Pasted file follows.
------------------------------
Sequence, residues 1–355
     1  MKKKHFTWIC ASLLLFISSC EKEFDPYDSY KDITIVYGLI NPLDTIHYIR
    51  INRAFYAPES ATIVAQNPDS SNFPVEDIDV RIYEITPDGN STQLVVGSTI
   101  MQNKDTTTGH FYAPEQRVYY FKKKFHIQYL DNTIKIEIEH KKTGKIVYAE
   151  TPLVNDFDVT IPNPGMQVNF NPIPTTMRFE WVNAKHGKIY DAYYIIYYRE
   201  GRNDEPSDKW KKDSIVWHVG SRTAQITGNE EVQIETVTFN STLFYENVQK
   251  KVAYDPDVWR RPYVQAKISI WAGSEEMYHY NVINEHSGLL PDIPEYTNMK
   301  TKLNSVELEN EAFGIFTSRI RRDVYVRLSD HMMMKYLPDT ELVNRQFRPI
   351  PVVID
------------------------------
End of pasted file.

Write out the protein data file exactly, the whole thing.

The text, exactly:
Sequence, residues 1–355
     1  MKKKHFTWIC ASLLLFISSC EKEFDPYDSY KDITIVYGLI NPLDTIHYIR
    51  INRAFYAPES ATIVAQNPDS SNFPVEDIDV RIYEITPDGN STQLVVGSTI
   101  MQNKDTTTGH FYAPEQRVYY FKKKFHIQYL DNTIKIEIEH KKTGKIVYAE
   151  TPLVNDFDVT IPNPGMQVNF NPIPTTMRFE WVNAKHGKIY DAYYIIYYRE
   201  GRNDEPSDKW KKDSIVWHVG SRTAQITGNE EVQIETVTFN STLFYENVQK
   251  KVAYDPDVWR RPYVQAKISI WAGSEEMYHY NVINEHSGLL PDIPEYTNMK
   301  TKLNSVELEN EAFGIFTSRI RRDVYVRLSD HMMMKYLPDT ELVNRQFRPI
   351  PVVID